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Clin Endocrinol (Oxf). 2015 Apr;82(4):525-32. doi: 10.1111/cen.12529. Epub 2014 Jul 23.

Higher ferritin levels, but not serum iron or transferrin saturation, are associated with Type 2 diabetes mellitus in adult men and women free of genetic haemochromatosis.

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School of Medicine and Pharmacology, University of Western Australia, Perth, WA, Australia; Department of Endocrinology and Diabetes, Fremantle Hospital, Fremantle, WA, Australia.



Iron overload predisposes to diabetes and higher ferritin levels have been associated with diabetes. However, it is unclear whether ferritin reflects differences in iron-related parameters between diabetic and nondiabetic persons. We examined associations of serum ferritin, iron and transferrin saturation with Type 2 diabetes in adults without genetic predisposition to iron overload.


Cross-sectional analysis of community-dwelling men and women aged 17-97 years from the Busselton Health Survey, Western Australia. Men and women carrying genotypes associated with haemochromatosis (C282Y/C282Y or C282Y/H63D) were excluded. Serum ferritin, iron and transferrin saturation were assayed.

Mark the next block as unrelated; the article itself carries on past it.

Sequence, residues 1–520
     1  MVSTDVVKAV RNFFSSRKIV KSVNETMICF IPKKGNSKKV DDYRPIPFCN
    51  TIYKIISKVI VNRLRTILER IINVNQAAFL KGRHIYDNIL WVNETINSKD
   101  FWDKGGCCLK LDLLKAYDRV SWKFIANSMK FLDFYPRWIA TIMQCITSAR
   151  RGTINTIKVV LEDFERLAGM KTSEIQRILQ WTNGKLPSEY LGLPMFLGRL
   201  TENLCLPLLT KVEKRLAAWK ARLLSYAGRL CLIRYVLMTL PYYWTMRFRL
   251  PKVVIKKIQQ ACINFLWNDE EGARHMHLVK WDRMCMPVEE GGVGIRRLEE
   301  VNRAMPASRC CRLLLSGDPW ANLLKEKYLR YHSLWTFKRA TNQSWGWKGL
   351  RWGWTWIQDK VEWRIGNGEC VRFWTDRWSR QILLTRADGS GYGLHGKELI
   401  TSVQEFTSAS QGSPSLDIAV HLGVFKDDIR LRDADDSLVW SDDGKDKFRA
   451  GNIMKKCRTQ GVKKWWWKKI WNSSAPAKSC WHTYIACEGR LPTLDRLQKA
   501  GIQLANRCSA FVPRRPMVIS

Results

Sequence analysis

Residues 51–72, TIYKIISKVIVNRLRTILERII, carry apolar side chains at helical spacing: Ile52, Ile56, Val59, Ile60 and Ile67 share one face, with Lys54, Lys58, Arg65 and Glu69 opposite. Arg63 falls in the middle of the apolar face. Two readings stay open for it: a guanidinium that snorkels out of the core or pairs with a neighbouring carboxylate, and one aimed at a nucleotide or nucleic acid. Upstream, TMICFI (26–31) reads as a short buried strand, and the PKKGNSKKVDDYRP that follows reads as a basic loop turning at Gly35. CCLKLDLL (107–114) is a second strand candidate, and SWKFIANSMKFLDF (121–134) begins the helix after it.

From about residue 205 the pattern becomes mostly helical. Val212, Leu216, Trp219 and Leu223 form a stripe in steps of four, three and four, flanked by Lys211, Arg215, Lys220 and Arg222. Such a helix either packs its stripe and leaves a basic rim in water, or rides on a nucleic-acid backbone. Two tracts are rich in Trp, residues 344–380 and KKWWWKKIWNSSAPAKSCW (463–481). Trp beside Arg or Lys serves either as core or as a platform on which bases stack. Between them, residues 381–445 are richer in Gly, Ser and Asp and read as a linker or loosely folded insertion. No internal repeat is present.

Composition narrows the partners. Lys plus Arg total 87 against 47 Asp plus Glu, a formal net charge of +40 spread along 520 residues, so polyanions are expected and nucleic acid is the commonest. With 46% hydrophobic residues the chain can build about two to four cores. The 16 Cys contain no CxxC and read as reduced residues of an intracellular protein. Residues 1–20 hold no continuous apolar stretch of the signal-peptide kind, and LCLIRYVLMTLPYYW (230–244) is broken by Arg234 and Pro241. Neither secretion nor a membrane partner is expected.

There were 1834 men (122 with diabetes, 6·6%) and 2351 women (141 with diabetes, 6%). In men, higher serum ferritin was associated with diabetes after adjusting for age, smoking, alcohol, cardiovascular history, body mass index (BMI), waist, blood pressure, lipids, C-reactive protein (CRP), adiponectin, alanine transaminase (ALT) and gamma-glutamyl transpeptidase (GGT) [odds ratio (OR): 1·29 per 1 unit increase log ferritin, 95% confidence interval (CI) = 1·01-1·65, P = 0·043]. In women, higher serum ferritin was associated with diabetes [fully adjusted OR: 1·31 per 1 unit increase log ferritin, 95% CI = 1·04-1·63, P = 0·020; 1·84 for tertile (T) 3 vs T1, 95% CI = 1·09-3·11]. Neither iron levels nor transferrin saturation were associated with diabetes risk in men or women. Higher ferritin was not associated with insulin resistance in nondiabetic adults.


In adults, higher ferritin levels are independently associated with prevalent diabetes while iron and transferrin saturation are not. Ferritin is a robust biomarker for diabetes risk, but further investigation is needed to clarify whether this relationship is mediated via iron metabolism.

[Indexed for MEDLINE]

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